The fall in crude oil prices is expected to have the biggest economic benefit to Thailand and the Philippines among countries in this region, according to Bank of America Merrill Lynch.

“Lower oil prices have not resulted in any sizeable GDP growth upgrade as yet for emerging Asia, in part because of slowing global growth outside the United States.

“Lower oil prices have, however, improved the trade surplus significantly, supporting the current account balance and FX reserves positions.

“Lower oil prices have also resulted in a sharp drop in inflation, particularly in Thailand, the Philippines and India, which has allowed central banks to stay accommodative. Emerging Asian countries will likely see a boost to GDP growth in the range of +10bp to +45bp with every 10% fall in oil prices, if the oil price drop was purely a supply shock,” it says in a note.

The low-inflation environment will also allow central banks in this region to become more accommodative.

“Lower crude oil prices and loose global monetary policy will likely keep inflation lower in 2015 with rising probability of rate cuts in Asean,” says Morgan Stanley in a note.

How low will the ringgit go?

The past three months have been a volatile period for global currencies and no more so when it comes to the ringgit, which is the second-worst performing currency in Asia against the US dollar over the past 12 months after the yen.

Directly, the drop in crude oil prices has affected the fundamentals of Malaysia and carved a chunk out of government revenue, as receipts from crude oil production account for slightly less than 30% of income.

With revenues depleted, the Government has revised its budget for this year to take into account crude oil averaging US$55 a barrel in 2015 from an earlier projection that it would average US$105 a barrel when the budget was announced last October.

The revised budget also led to a slight increase in the fiscal deficit to 3.2% of GDP from an earlier projection of 3%.

That percentage is lower than the 3.5% target for 2014.

Apart from fiscal discipline, the ringgit’s fortunes have been loosely linked to the price of crude oil.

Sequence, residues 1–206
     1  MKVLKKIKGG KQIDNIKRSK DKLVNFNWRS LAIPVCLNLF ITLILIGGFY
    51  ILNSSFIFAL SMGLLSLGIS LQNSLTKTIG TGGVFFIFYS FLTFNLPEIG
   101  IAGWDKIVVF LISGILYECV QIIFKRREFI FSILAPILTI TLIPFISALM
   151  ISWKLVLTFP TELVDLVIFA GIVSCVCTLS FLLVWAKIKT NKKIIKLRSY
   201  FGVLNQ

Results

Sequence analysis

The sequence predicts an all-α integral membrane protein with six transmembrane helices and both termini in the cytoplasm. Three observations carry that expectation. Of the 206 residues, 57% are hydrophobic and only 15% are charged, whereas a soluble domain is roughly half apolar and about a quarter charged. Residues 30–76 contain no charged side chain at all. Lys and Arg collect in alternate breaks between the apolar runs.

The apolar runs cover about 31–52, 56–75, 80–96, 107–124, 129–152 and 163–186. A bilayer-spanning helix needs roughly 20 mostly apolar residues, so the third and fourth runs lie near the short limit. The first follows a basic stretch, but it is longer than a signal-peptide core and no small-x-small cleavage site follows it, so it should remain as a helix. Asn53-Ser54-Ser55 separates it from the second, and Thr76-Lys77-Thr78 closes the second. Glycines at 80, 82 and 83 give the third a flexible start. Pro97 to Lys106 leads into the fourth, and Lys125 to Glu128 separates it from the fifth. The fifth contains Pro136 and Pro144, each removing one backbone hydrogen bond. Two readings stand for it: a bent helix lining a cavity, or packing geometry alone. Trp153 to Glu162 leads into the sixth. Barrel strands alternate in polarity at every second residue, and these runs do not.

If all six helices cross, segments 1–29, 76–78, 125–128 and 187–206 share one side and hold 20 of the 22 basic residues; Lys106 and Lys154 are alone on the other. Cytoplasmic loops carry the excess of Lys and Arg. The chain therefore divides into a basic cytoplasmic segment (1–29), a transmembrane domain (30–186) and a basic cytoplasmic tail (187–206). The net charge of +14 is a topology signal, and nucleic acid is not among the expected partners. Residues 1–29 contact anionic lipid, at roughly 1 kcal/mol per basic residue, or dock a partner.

With this July marking the 10th year when the ringgit peg to the US dollar was lifted, the decision to remove the RM3.80 to the US dollar peg was to ensure that the ringgit reflected the fundamentals of the economy.

Prior to that decision, the price of crude oil had started to rise, delivering valuable additional revenue to the Government.

When the peg was lifted, brent crude oil was trading at US$55.72 a barrel, and over the years, the ringgit loosely tracked the value of crude oil, often appreciating against the dollar when crude oil prices were high and weakening when crude oil prices dropped.

Anecdotally, the ringgit gained strength against the dollar when oil prices soared and approached the RM3 to the dollar mark when crude oil hit more than US$140 in 2008.

It dropped in value as crude oil prices retreated from there, and as crude oil prices went up again and stayed at elevated levels for a prolonged period, the ringgit then crossed the RM3 level into the RM2.90 range.

Forex strategists say sentiment does affect the movement of a currency, but it moves in parallel with the fundamentals of an economy. With Malaysia’s fortunes closely linked to the price of crude oil, it is inevitable that the thinking of the country’s fundamentals will also change.

“If energy prices continue to drop, then it will hurt the ringgit,” says a forex strategist based in Singapore.

Bank Negara governor Tan Sri Dr Zeti Akhtar Aziz recently said the ringgit, which is currently trading at multi-year lows against the US dollar, did not reflect Malaysia’s strong underlying fundamentals.

“Once the global events settle down and stabilise, the ringgit will trend towards our underlying fundamentals,” Zeti told reporters at an event.

Apart from lower crude oil prices, the ringgit has also been hurt by capital outflows.

Malaysia’s forex reserves in the first two weeks of January were at its lowest level since March 2011 and foreign investors held 44% of Malaysian Government Securities (MGS) as of the end of last year.

Analysts say while foreigners have sold off a chunk of government debt, the remaining are not expected to do so as long as they are making a decent return on their holdings. The rise in the value of the 10-year MGS will give support to their holdings.

A number of forex analysts think the ringgit will not slip below RM3.70 to the US dollar, but some do admit they did not think it would be trading at the current level of around RM3.63 a few months ago.

“If it does go to RM3.80, then people will get panicky,” says one forex analyst.

Related story:

Semiconductor and rubber glove makers to gain from weak ringgit